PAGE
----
A watershed is the land area that ultimately drains rainfall runoff to a common outlet point, typically a creek or bayou in Jefferson County. If your home is located in the Taylor’s Bayou Watershed, rain that falls on your house will eventually end up in the Gulf of Mexico. Mother Nature designs and builds watersheds, largely determined by the topography or “lay” of the land. Jefferson County has three (3) major watersheds.
As defined by FEMA, a floodplain is “Any land area that is susceptible to being inundated by water from any source.” In Jefferson County, a floodplain is generally defined as an area flooded due to either a channel’s capacity being exceeded or due to a tidal storm surge.
The strictest area of regulation along both sides of a bayou or creek (including the main channel) because it moves the 1% (100-year) flood downstream, away from homes or businesses that it may have flooded.
A 100-year floodplain is an area of land that has a 1% chance of being inundated by floodwaters in a given year. The 1% (100-year) flood is a regulatory standard used to establish risk zones with varying risk probabilities, which are then used by insurance actuaries to compute the flood insurance premium rate. The Base Flood Elevation (BFE) is used as a benchmark to administer floodplain management programs, the National Flood Insurance Program (NFIP), and to set building requirements for new construction.
There are an infinite number of flood frequencies that can occur. The .2% flood is called the 500-year flood; the 2% flood is called the 50-year flood; the 10% flood is called the 10-year flood; the 50% flood is called the 2-year flood, etc.
Yes. Some flood hazards simply are not mapped on FEMA Flood Insurance Rate Maps (see questions on “ponding” and “overland sheet flow”), nor is every small tributary in the county included. The mapped floodplain is only an estimate of where flooding is predicted to occur given a set of parameters which include a hypothetical rainfall that occurs over a watershed for an assumed amount of time. During an actual rainstorm, natural conditions can result in greater amounts of rainfall or runoff, resulting in flood levels deeper and wider than shown on the FEMA Flood Insurance Rate Maps.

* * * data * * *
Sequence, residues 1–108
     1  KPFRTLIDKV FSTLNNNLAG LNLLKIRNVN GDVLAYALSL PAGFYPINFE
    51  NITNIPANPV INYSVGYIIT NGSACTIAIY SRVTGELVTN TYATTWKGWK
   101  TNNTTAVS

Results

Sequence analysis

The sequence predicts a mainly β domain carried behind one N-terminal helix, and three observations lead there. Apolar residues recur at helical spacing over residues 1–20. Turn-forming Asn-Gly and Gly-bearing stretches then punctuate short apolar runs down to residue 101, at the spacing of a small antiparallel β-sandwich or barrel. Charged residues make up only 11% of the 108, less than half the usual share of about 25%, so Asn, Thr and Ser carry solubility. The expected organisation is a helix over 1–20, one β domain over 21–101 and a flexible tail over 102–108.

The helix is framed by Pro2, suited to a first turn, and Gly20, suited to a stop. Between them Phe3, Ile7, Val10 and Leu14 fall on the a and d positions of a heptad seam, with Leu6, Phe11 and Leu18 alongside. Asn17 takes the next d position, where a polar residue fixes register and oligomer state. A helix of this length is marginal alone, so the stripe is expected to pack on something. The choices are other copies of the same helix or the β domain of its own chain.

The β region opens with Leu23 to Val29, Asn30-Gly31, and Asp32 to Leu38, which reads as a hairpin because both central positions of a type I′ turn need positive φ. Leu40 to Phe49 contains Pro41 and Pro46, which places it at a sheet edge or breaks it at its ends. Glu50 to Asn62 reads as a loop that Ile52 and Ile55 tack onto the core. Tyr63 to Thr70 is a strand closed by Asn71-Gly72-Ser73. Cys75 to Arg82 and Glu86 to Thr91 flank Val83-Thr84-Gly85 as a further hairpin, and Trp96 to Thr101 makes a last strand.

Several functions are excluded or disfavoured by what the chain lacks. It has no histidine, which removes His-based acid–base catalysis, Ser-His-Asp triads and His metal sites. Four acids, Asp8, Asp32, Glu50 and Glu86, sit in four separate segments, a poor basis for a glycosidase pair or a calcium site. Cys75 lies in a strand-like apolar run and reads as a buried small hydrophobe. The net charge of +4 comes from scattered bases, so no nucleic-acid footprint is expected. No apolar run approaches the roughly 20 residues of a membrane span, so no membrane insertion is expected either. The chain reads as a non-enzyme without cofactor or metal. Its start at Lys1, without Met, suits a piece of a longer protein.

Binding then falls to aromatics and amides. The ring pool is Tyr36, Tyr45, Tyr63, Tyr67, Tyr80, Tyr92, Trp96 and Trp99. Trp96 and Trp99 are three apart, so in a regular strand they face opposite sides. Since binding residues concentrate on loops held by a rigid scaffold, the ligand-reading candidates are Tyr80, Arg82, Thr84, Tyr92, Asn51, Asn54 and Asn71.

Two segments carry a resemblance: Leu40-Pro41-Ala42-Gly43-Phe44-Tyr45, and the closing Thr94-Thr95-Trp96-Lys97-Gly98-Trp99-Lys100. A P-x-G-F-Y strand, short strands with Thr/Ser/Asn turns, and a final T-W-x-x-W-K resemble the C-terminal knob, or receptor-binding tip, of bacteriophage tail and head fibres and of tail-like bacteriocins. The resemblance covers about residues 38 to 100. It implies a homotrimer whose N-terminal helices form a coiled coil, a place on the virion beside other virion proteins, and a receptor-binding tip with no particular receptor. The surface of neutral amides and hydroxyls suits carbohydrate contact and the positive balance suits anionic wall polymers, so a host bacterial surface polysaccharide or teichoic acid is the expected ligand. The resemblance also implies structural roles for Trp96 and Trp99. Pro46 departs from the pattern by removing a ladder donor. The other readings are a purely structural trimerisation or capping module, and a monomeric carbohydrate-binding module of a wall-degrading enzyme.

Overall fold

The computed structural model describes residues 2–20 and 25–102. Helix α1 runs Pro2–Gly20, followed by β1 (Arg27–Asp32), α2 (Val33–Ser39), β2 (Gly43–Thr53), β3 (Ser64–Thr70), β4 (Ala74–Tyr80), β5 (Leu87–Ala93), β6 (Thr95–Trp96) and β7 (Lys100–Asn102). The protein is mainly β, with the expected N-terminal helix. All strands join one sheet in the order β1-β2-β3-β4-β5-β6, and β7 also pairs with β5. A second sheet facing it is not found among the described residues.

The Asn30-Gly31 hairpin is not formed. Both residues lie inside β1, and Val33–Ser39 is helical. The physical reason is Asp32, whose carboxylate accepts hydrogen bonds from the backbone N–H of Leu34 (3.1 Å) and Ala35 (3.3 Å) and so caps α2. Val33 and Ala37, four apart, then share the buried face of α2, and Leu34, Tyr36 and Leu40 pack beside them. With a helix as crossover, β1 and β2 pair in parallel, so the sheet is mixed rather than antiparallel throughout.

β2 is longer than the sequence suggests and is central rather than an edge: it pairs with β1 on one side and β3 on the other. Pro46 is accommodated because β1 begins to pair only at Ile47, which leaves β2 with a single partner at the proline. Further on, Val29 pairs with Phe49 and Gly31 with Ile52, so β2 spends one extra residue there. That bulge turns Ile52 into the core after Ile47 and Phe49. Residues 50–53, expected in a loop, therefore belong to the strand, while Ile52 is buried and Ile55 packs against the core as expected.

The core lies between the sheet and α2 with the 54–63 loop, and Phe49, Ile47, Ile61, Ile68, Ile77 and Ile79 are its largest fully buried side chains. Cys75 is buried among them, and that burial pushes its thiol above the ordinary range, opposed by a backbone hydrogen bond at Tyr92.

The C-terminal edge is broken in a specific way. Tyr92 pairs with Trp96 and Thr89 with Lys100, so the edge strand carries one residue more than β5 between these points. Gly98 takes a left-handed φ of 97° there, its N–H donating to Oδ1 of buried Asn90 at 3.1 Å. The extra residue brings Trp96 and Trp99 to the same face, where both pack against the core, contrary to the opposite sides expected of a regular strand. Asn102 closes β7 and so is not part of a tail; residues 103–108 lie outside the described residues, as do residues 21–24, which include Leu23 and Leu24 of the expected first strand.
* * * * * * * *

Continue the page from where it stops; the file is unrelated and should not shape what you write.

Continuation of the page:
Detention basins are excavated areas of land where potentially damaging excess floodwater is temporarily stored and then drained over time as water levels recede. Because Jefferson County is pancake flat, most of its detention storage must be excavated at a substantial cost; still, Jefferson County Drainage District No. 6 makes extensive use of detention basins to reduce the risk of flooding. They are typically large regional facilities, several hundred acres in size.
As defined above, a detention basin is an area where excess stormwater is stored or held temporarily, and then slowly drains when water levels in the receiving channel recede.In essence the water in a detention basin is temporarily detained until additional room becomes available in the receiving channel. Detention basins are used extensively in Jefferson County region. There are thirtyeight (38) detention basins in operation within the District throughout Jefferson County.
A retention basin also stores stormwater, but retention storage implies a more permanent basis. In fact, water often remains in a retention basin indefinitely, with the exception of the volume lost to evaporation and soil absorption. This differs greatly from a detention basin, which typically drains after the peak of the stormflow has passed, sometimes while it is still raining. Retention basins, for the sake of flood damage reduction, are not common in the Jefferson County region; they are popular in parts of the country that have soils more amenable to this type of flood damage reduction measure.